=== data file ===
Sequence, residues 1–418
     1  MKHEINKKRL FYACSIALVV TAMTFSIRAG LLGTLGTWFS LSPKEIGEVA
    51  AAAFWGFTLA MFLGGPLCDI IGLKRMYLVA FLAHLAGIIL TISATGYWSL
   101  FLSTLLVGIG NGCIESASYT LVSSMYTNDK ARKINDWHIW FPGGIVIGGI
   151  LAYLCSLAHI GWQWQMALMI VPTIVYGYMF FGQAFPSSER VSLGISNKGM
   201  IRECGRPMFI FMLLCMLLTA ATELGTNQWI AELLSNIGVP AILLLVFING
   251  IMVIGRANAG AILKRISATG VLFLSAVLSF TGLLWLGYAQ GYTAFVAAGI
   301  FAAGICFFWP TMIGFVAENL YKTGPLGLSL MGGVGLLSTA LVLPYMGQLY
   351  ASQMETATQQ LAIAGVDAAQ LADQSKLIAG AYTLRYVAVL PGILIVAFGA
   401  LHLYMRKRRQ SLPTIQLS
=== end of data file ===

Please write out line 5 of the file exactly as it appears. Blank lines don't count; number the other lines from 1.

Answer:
   151  LAYLCSLAHI GWQWQMALMI VPTIVYGYMF FGQAFPSSER VSLGISNKGM